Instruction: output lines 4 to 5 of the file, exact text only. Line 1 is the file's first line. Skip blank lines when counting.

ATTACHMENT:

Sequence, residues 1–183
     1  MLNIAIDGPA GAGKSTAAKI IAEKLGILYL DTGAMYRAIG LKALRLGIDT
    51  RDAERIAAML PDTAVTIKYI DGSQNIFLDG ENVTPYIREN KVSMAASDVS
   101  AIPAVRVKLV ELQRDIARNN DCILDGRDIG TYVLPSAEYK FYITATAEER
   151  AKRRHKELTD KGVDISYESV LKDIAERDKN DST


   101  AIPAVRVKLV ELQRDIARNN DCILDGRDIG TYVLPSAEYK FYITATAEER
   151  AKRRHKELTD KGVDISYESV LKDIAERDKN DST